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Hunting for Yield? One Place You May Not Have Looked

Andrea Bricco | Brand X Pictures | Getty Images

The quest for yield is sending investors into some unusual places, with some even turning to lending out their own funds to those who can't —or don't want to—borrow from traditional banks.

Private lending has become an increasingly popular tool that wealth managers are steering their clients toward.

Often referred to as peer-to-peer lending, investors can participate in several ways. They can use private equity firms, wealth management advisers or web sites, all of which can aide in screening prospective borrowers who take out loans for anywhere from a few days to years. And there's no limit to how little or how much you can lend.

The industry is regulated by the Securities Exchange Commission, which enhanced its oversight in 2008, as well as the Consumer Financial Protection Bureau.

With yields extremely low on all fixed-income instruments outside of junk bonds, peer-to-peer lending offers return that many bonds simply don't provide. (Read More: How the Fed Is Pushing Investors to Buy Junk Bonds

"For some investors this is a great alternative," said Kimberly Foss, founder of Empyrion Wealth Management in Roseville, Calif. "It's not something that's a money market alternative, but it's a great way to get a great yield without too much more additional risk."

Foss would know - in addition to directing her clients toward private lending she has committed her own money.

Since entering the space she said her annualized return has been 7.7 percent on loans made to a variety of borrowers with varying levels of credit quality.

Lenders can get 15 percent interest or more for lower-quality borrowers, an onerous rate to be sure but less than predatory fly-by-night payday lenders and many other nonbanking institutions, and even less than some credit cards.

Consumer credit has been on an upswing over the past three years and currently stands at $2.75 trillion, according to the Federal Reserve. That's a gain of 13 percent since the 2009 bottom. Credit increased at an annualized pace of 6.2 percent in October, the most recent month for which data is available.

Nonfinancial credit has remained steady at about $52 billion during that time, with much of the actual growth in total credit coming from student loans. (Read More: Student Loan Debt Hits Another New Record: Study)

But with the Fed likely to keep interest rates near zero for at least two more years, private lending is showing signs that it could be a real growth area in credit.

Web sites have emerged that help facilitate the process. The companies running the sites - Prosper.com and the larger Lendingclub.com are the two most prominent - perform due diligence on both borrowers and lenders, with their fee being a percentage of the total loan.

They even help with delinquent loans by appointing collection agencies.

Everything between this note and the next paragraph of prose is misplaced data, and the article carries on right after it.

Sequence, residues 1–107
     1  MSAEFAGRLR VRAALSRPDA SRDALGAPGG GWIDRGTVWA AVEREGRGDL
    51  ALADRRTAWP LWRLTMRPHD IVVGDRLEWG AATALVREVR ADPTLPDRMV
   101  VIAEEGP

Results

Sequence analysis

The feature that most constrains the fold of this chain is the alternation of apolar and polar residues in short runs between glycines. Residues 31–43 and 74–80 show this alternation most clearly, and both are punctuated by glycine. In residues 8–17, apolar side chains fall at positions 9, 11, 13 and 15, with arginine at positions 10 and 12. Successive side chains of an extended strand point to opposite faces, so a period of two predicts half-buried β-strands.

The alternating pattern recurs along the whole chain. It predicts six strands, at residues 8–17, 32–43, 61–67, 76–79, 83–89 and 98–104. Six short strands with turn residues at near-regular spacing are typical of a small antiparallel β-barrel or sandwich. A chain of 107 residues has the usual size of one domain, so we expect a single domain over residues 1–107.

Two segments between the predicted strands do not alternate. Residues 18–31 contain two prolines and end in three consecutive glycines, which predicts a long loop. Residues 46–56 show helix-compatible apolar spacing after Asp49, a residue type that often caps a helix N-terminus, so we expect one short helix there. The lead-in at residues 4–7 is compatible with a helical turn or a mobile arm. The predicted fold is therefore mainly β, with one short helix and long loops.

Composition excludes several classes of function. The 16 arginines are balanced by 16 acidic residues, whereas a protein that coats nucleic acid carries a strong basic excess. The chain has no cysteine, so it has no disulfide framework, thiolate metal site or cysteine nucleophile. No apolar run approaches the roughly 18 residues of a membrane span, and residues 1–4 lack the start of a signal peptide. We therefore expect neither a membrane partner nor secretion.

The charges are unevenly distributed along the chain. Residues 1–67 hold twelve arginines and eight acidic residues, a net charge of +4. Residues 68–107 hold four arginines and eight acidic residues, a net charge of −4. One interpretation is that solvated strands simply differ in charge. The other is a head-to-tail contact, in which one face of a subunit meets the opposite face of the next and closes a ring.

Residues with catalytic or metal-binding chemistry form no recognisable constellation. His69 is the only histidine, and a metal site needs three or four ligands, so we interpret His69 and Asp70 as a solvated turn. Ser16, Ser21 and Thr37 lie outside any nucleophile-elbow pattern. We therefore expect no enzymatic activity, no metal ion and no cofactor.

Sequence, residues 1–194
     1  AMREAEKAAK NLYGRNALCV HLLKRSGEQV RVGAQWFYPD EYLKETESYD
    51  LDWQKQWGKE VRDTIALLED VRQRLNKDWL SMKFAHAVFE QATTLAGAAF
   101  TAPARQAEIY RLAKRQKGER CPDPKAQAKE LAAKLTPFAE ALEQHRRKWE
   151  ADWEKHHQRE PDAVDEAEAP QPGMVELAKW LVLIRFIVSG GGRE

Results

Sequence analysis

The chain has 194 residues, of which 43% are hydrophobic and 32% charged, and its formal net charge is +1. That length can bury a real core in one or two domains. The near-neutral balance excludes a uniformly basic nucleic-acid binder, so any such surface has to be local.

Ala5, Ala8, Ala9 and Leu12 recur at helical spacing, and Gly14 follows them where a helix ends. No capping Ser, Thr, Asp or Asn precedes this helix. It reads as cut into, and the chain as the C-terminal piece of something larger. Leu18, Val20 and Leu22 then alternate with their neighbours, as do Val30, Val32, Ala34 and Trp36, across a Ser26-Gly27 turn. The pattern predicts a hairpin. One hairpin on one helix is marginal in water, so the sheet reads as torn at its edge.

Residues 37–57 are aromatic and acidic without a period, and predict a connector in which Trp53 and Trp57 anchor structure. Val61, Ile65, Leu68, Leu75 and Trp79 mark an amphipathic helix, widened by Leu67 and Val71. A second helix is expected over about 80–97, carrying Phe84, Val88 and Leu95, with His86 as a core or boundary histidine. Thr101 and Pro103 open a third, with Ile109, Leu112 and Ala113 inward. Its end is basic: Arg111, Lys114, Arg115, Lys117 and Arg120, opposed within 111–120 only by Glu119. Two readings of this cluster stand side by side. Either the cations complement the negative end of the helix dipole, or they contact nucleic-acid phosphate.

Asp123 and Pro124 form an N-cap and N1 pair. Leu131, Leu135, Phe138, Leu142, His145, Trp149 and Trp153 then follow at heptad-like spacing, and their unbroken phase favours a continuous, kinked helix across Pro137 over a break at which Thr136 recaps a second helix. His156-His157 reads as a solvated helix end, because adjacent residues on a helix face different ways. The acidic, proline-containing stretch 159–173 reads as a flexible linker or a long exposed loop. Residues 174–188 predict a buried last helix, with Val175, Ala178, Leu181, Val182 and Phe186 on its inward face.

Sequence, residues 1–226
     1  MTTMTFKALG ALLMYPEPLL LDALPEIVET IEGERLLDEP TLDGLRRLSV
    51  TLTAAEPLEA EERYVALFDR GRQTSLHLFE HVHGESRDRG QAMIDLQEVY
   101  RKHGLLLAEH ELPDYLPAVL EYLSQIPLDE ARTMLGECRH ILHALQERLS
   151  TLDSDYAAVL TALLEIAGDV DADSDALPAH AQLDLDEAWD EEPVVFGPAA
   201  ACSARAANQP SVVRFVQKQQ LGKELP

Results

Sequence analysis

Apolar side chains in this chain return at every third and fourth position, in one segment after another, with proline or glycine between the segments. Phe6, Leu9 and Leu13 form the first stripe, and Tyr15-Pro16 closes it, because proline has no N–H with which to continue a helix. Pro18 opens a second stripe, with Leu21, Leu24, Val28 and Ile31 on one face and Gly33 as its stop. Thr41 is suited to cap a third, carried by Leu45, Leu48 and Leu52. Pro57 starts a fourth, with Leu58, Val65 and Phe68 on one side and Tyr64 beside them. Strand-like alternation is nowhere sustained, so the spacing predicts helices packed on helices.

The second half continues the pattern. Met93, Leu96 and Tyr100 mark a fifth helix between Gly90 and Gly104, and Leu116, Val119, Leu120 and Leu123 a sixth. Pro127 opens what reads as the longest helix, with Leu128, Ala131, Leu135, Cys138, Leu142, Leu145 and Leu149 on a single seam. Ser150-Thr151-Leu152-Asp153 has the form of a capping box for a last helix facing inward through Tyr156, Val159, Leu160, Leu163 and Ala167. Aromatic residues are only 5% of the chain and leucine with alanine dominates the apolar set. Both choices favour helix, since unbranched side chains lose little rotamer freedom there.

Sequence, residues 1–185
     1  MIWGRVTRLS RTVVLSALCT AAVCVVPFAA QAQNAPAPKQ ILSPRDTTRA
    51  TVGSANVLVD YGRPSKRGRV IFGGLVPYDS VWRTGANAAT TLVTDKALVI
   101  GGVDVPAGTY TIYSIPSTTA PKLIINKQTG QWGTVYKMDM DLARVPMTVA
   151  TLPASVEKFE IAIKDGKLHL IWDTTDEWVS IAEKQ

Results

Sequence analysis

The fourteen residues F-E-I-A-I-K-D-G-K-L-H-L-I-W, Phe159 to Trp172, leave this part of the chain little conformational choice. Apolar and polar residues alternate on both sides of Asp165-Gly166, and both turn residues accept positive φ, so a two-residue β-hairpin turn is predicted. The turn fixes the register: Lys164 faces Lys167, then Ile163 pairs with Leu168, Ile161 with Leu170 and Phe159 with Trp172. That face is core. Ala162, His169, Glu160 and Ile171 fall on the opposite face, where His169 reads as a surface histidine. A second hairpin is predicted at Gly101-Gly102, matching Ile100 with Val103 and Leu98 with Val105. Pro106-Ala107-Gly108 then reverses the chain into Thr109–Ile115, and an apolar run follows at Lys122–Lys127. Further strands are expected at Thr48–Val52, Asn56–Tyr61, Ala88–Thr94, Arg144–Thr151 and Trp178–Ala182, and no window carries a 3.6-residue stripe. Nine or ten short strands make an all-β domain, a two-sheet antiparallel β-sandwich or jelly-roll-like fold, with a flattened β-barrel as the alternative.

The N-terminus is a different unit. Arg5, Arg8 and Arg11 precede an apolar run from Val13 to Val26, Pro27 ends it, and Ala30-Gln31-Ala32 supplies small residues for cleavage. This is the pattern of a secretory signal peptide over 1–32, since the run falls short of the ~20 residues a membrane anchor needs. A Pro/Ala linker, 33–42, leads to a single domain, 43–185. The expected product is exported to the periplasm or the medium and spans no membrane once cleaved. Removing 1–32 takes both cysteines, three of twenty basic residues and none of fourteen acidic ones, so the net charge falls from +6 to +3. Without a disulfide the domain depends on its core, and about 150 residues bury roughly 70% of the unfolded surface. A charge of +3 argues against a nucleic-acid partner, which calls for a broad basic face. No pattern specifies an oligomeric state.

Lendingclub.com says it has helped fund about 95,000 loans worth $1.16 billion. Prosper.com says it has 1.6 million members and has helped fund $440 million in loans.

Credit scores for borrowers are generally 640 and up, while lenders usually have to make at least $70,000 a year to participate, Foss said.

But interest can get stratospheric as well.

Prosper.com says borrowing rates can run as high as 35.8 percent, while the average return for lenders is about 9.7 percent.

Lendingclub.com advertises three categories of rates - 5.66 percent, 8.89 percent and 10.27 percent.

"There is a risk of default. Nothing is guaranteed," Foss said. "But there's a degree of due diligence by both of these companies."

Higher net-worth investors worried over the state of the bond market - which some fear is approaching bubble stage - are natural players in the private peer-to-peer lending world.

"Our financial advisers want to have a complete relationship with their clients," Greg Fleming, president of Morgan Stanley Wealth Management, said during a recent CNBC appearance. "So they do a terrific job on the assets-side of the client's balance sheet. They also want to help their clients when they have borrowing and lending needs."

The rush to yield, though, presents both returns and traps that traditional buy-and-hold stock investing and investment-grade bond buying does not. (Read More: What Investors Should Do If We Go Over the 'Cliff')

That has some investment professionals throwing up caution signs about peer-to-peer lending.

"Like anything else you have to do your homework. That's the important thing," said Carol Roth, head of Intercap Merchant Partners in Chicago. "I'm not in favor of the cool investment du jour. That's always risky."

Roth understands the pursuit of yield in an environment where returns are so low, but encourages caution.

"We can get ourselves into trouble. It's really important to do due diligence and in a balanced way. I certainly wouldn't put all my eggs into that basket," she said. "All it takes is a couple of those things to go bad, and we all know how that movie ends."

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